[T]he doctrine of qualified immunity protects government
officials from civil damages liability when their actions
could reasonably have been believed to be legal. This
immunity protects all but the plainly incompetent or those
who knowingly violate the law. Accordingly, we do not deny
immunity unless existing precedent must have placed the
statutory or constitutional question beyond debate. The basic
steps of this court's qualified-immunity inquiry are
well-known: a plaintiff seeking to defeat qualified immunity
must show: (1) that the official violated a statutory or
constitutional right, and (2) that the right was clearly
established at the time of the challenged conduct.
Anderson v. Valdez, 845 F.3d 580, 599-600 (5th Cir.
2016) (citation and quotation marks omitted, punctuation
hold that the defendant violated the law at step one of the
qualified-immunity analysis . . . is simply to say that the
plaintiff has stated a claim upon which relief may be
granted.” Morgan v. Swanson, 659 F.3d 359, 384
(5th Cir. 2011). To meet that burden, a plaintiff “must
plead specific facts that both allow the court to draw the
reasonable inference that the defendant is liable for the
harm he has alleged and that defeat a qualified immunity
defense with equal specificity.” Hinojosa v.
Livingston, 807 F.3d 657, 664 (5th Cir. 2015) (internal
quotation marks and citation omitted). Significantly, the
burden is on the plaintiff to “demonstrate the
inapplicability of the defense.” McClendon v. City
of Columbia, 305 F.3d 314, 323 (5th Cir. 2002).
two, the plaintiff must show that the legal principle has
“a sufficiently clear foundation in then existing
precedent.” District of Columbia v. Wesby, 138
S.Ct. 577, 589 (2018). “The rule must be settled law,
which means it is dictated by controlling authority or a
robust consensus of cases of persuasive authority.”
Id. (citations omitted). The rule cannot merely be
“suggested by then-existing precedent, ” but must
instead “be clear enough that every reasonable official
would interpret it to establish the particular rule the
plaintiff seeks to apply.” Id. at 589-90.
asserts his claims under 42 U.S.C. § 1983, which
provides a cause of action against any person who, under
color of law, deprives another of “any rights,
privileges or immunities secured by the Constitution and
laws.” Here, the Complaint asserts claims against all
Defendants under the Fourth, Fifth, Eighth, and Fourteenth
Amendments to the United States Constitution. This Order
separately examines Defendants' Rule 12(c) motions
seeking dismissal of those claims.
Rankin Defendants' Rule 12(c) Motion
the Complaint asserts a host of alleged constitutional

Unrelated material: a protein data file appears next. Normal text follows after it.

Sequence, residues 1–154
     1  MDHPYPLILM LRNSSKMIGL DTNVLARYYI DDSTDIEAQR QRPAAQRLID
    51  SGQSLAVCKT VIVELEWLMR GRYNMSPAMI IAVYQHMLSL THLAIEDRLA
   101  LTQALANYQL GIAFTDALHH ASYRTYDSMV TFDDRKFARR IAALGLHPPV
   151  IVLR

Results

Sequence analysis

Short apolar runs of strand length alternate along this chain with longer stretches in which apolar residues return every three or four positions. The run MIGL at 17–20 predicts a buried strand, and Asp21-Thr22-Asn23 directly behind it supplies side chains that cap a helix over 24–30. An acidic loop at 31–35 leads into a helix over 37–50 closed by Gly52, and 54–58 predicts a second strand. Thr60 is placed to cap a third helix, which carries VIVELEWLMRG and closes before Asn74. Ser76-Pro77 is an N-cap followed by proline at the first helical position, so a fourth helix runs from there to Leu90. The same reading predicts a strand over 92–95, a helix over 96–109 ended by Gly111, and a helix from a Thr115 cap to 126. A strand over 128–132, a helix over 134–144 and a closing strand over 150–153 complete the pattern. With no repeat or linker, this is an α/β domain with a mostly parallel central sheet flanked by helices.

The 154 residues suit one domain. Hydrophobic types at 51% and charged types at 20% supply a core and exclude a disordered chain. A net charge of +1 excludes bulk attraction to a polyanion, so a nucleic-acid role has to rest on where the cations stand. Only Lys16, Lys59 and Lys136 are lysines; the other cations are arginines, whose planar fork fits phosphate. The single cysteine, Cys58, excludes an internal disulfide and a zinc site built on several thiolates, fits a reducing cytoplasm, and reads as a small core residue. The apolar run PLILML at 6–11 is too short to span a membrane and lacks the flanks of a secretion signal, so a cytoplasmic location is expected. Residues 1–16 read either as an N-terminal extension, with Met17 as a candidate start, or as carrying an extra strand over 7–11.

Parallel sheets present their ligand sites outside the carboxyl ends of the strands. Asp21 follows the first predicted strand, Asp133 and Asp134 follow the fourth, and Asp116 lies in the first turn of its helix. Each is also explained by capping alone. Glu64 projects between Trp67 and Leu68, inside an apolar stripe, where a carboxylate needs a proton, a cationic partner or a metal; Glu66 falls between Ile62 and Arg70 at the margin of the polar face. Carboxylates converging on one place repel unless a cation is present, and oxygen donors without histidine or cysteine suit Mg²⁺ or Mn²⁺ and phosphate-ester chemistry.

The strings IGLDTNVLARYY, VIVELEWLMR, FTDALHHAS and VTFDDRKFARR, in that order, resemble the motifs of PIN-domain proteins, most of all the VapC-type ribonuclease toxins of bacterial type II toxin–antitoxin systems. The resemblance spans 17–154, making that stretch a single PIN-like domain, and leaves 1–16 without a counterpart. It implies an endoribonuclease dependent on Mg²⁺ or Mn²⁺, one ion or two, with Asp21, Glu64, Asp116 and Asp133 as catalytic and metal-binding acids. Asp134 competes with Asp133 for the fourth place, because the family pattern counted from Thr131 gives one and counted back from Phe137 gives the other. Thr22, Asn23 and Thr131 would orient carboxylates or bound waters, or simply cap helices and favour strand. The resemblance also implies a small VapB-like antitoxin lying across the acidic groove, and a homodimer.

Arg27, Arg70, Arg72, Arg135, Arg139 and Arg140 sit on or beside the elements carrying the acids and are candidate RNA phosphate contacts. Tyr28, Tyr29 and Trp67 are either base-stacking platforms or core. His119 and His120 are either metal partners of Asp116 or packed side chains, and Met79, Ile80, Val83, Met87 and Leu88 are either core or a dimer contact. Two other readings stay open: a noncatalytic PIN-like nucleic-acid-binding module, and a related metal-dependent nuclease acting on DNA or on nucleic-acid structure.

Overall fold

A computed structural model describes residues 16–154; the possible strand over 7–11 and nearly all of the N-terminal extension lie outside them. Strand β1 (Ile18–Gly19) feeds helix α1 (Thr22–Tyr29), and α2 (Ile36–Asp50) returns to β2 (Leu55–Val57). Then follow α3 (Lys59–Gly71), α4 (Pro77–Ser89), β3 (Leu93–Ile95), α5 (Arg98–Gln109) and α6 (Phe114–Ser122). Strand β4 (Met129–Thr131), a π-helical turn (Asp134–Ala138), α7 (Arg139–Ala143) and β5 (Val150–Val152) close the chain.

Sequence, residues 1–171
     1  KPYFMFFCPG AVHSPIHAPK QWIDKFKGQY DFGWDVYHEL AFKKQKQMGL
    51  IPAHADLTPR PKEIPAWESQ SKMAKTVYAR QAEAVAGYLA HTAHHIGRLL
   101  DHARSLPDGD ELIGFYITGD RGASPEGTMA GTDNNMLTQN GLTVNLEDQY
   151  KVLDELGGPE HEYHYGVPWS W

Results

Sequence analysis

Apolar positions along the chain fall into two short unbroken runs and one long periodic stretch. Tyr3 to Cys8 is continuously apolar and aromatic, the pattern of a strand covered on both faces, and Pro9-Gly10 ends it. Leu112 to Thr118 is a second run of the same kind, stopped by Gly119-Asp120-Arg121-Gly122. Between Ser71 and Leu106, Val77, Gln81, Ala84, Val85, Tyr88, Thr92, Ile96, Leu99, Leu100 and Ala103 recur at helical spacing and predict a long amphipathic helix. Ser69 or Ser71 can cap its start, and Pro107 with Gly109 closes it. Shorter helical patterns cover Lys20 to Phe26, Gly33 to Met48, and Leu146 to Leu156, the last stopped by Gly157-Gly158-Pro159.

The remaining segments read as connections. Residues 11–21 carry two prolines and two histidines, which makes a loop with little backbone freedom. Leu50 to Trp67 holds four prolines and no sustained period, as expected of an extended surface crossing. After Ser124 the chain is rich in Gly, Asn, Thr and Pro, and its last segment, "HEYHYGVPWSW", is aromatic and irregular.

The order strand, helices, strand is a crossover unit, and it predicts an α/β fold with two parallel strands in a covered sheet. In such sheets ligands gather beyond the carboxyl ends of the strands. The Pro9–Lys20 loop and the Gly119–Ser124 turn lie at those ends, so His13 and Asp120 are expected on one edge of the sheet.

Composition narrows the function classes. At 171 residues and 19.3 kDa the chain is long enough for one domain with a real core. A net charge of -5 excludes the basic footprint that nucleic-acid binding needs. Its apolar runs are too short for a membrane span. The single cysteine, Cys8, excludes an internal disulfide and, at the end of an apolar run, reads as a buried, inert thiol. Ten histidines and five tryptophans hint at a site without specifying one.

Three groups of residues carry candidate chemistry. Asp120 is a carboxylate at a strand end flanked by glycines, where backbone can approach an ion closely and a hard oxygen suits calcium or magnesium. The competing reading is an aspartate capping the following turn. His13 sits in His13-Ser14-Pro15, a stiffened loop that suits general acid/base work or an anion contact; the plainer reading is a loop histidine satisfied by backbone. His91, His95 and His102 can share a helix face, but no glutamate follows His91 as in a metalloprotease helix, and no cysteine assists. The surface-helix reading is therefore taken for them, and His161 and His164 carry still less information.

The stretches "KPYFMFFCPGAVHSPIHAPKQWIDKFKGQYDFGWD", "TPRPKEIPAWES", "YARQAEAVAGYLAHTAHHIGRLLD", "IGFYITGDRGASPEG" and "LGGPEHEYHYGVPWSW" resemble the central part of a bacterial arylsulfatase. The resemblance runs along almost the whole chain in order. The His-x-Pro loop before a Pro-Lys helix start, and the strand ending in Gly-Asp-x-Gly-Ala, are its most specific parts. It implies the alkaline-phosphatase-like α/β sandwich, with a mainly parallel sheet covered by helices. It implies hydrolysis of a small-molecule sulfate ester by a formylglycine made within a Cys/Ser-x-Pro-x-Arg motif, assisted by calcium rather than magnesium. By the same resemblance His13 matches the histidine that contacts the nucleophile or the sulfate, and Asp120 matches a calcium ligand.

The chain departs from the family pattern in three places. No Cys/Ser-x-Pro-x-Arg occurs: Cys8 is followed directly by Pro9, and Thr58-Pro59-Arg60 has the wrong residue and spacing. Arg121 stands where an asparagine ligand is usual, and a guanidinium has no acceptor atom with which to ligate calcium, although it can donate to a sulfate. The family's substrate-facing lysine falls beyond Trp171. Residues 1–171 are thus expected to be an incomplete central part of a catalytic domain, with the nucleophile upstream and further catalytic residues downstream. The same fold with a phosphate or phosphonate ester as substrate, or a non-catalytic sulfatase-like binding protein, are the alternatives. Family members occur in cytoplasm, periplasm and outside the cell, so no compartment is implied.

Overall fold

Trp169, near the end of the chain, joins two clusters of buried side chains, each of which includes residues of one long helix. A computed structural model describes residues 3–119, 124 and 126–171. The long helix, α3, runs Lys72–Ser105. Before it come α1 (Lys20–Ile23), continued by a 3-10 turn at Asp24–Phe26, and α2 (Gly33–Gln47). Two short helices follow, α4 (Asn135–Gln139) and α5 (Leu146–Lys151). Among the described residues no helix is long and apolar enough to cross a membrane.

violations against the Rankin Defendants, Evern refined the
scope of his case in his response to their Motion to Dismiss
. In it, he states:
The vast majority of the claims set forth in Mr.
Evern[']s Complaint are directed towards Officer Chisholm
and The City of Pearl, Mississippi. Mr. Evern's claims
against Sheriff Bailey and Rankin County, Mississippi are
narrow - injuries sustained while in the Sheriff's
custody and failure to provide adequate medical care for
Pl.'s Mem.  at 3.
result, the Court dismisses the Fourth Amendment claims
unrelated to events at the Rankin County Jail. In addition,
Evern did not respond to the Rankin Defendants' arguments
regarding claims based on the Fifth Amendment, the Eighth
Amendment, or state law. Accordingly, those claims are
likewise dismissed. That leaves two potential claims-failure
to protect against injuries while incarcerated and alleged
denial of medical care-both of which fall under the
Fourteenth Amendment. See Gutierrez v. City of San
Antonio, 139 F.3d 441, 452 (5th Cir. 1998) (noting that
post-arrest claims by pre-trial detainees in state custody
fall under the Fourteenth Amendment).
Evern's purported claims are cognizable when properly
pleaded. First, the Due Process Clause of the Fourteenth
Amendment creates a duty to protect pretrial detainees.
See Hare v. City of Corinth, 74 F.3d 633, 639 (5th
Cir. 1996) (en banc). To establish a failure-to-protect
claim, a prisoner must show that he was “incarcerated
under conditions posing a substantial risk of serious harm
and that prison officials were deliberately indifferent to
[his] need for protection.” Neals v. Norwood,
59 F.3d 530, 533 (5th Cir. 1995).
a pretrial detainee has a due-process right to receive
reasonable medical care. See Hare, 74 F.3d at 650.
The right is equivalent to the Eighth Amendment right enjoyed
by prisoners. Id. Thus, a pretrial detainee seeking
to recover for a denial of reasonable medical care must
allege deliberate indifference to serious medical needs.
See Varnado v. ...